[Lazarus] The Problem with the Linux Desktop
badsectoracula at gmail.com
Tue Mar 31 17:36:54 CEST 2020
IMO the problem of Linux desktop (or at least "a" problem) is the lack of
backwards compatibility for pretty much anything above the X server (and
now with Wayland some people want to compromise that too). If you stick
with the X libraries, the C library (glibc is generally very good when it
comes to backwards compatibility and one of the very few userland projects
that do so) and kernel interfaces, you can have many years of stability. As
an example check this screenshot:
This shows binaries from a GUI toolkit i wrote some time ago in C that only
uses the Xlib (it can also optionally use Xft but it isn't required). The
binaries were compiled in a (32bit, of course) RedHat Linux distribution
from 1997 and worked just fine in a 64bit Debian distribution from 2018
showing more than two decades of binary backwards compatibility. Note that
those binaries were *not* statically linked (which is what some suggest as
a "solution") - they linked against the system provided C and X libraries.
But that is by only relying on X and C. Anything above that has the long
term stability prospect of a sandcastle during a thunderstorm.
You can see that clearly with Lazarus' backends: the Gtk2 backend became
stable long after the Gtk1 library was obsolete and the Gtk3 backend is
still not capable to use the IDE itself when most Gtk development is
already on Gtk4. Back in late 2000s, the Gtk1 backend used to be very
stable and the Win32 backend used to be quite buggy but nowadays the Win32
backend is by far the most stable because over the years there wasn't any
need to throw away all the work that was done since the Windows API is
always backwards compatible whereas the Gtk library drops compatibility
every major version.
The only big toolkit i can think of that remained stable over the years is
Motif, but i think this is largely due to it not receiving any major
updates. Well, Tk is probably also ABI stable, but i'm not sure if it is
possible to use it without Tcl (Python bundles both just to access Tk).
It might be interesting to see if a backend for any of those can be made
since they are likely to exist and be updated for the foreseeable future.
On Sun, Mar 29, 2020 at 11:41 AM Anthony Walter via lazarus <
lazarus at lists.lazarus-ide.org> wrote:
> Teresa, thank you for your considered opinion.
> I agree with most of what you said, but with regards to the option of
> moving back to Windows, for me that is a non starter. I don't use Linux
> rather than Window because of some technical benefit. The primary reason I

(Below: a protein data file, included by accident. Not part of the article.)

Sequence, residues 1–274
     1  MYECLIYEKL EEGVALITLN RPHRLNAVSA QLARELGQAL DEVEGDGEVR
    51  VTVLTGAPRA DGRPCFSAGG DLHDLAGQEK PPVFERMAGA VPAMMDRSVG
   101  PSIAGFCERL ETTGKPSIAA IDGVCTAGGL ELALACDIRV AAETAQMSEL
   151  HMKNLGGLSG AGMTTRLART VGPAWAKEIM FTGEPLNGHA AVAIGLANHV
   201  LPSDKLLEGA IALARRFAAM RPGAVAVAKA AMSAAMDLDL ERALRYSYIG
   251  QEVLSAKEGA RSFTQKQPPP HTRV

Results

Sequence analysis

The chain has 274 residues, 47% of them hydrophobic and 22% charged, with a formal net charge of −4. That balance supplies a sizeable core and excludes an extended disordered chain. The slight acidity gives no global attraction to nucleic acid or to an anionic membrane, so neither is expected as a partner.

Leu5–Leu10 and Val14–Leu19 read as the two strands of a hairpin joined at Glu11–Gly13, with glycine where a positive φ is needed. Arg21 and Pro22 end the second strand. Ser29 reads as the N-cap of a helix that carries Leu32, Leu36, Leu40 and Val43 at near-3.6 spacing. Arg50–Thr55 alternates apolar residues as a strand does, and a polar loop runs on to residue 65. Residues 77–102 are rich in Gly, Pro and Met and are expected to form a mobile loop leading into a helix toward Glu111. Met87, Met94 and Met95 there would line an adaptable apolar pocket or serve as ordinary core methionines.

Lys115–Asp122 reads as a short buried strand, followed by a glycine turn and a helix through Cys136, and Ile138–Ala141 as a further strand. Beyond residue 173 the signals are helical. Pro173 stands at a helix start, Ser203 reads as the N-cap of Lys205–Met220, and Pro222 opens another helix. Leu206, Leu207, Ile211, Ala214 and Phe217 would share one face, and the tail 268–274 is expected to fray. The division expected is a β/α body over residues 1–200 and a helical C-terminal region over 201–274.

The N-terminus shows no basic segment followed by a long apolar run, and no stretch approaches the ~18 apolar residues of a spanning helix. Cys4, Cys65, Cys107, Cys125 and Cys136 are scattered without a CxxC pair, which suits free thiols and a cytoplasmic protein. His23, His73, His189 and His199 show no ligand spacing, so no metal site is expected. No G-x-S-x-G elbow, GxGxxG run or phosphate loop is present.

> use Linux because I don't want to worry around my privacy being
> compromised, either from malware or viruses which are a big problem with
> Windows or from software vendors themselves be it Microsoft telemetry or
> other spying features that now a days so commonly bundled with 1st, 2nd,
> and 3rd part software on Windows. These problems are pretty much non
> existent on Linux.
> I also value the efficiency of Linux. I have all processing speed and file
> system the room I need on a 2008 Core2Duo, 4GB or RAM, and a 60GB SSD using
> Linux, even with the newest distros. On the latest Windows 10, not so much.
> Just getting the OS installed is about 30GB. And yes this is a big deal for
> me because I always have 10 or more of these laptops on hand and use them
> to teach my students basic computers usage, online safety, and programming.
> Even if I wasn't using these machine for teaching, they still make for
> great everyday computers when running Linux. Using them with the most
> recent Windows, not so much.
> My complaints, as you expanded upon, center mostly around the fractured
> nature of the Linux desktop ecosystem. Even popular distros such as Ubuntu
> break things from release to release. Windows seems to always try to
> protect that backward compatibility, at least since they made the move to a
> true 32 bit OS. Of course with Windows upgrades some hardware is no longer
> supported (I can't use the Canon photo capture system on other than XP),
> but most of the time everything still works.
> Thanks again for your considerate thoughts.
> lazarus mailing list
> lazarus at lists.lazarus-ide.org
-------------- next part --------------
An HTML attachment was scrubbed...
More information about the lazarus